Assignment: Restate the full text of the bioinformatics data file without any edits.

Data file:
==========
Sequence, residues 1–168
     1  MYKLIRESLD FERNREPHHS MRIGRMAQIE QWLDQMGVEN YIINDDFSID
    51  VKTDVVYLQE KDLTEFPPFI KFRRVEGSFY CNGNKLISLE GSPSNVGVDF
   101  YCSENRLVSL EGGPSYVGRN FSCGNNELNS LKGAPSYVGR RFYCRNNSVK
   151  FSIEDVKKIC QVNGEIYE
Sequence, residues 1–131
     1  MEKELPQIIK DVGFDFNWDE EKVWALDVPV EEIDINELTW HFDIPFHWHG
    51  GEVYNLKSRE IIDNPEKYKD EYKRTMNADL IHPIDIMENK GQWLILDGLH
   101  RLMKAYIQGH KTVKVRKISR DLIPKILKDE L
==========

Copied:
Sequence, residues 1–168
     1  MYKLIRESLD FERNREPHHS MRIGRMAQIE QWLDQMGVEN YIINDDFSID
    51  VKTDVVYLQE KDLTEFPPFI KFRRVEGSFY CNGNKLISLE GSPSNVGVDF
   101  YCSENRLVSL EGGPSYVGRN FSCGNNELNS LKGAPSYVGR RFYCRNNSVK
   151  FSIEDVKKIC QVNGEIYE
Sequence, residues 1–131
     1  MEKELPQIIK DVGFDFNWDE EKVWALDVPV EEIDINELTW HFDIPFHWHG
    51  GEVYNLKSRE IIDNPEKYKD EYKRTMNADL IHPIDIMENK GQWLILDGLH
   101  RLMKAYIQGH KTVKVRKISR DLIPKILKDE L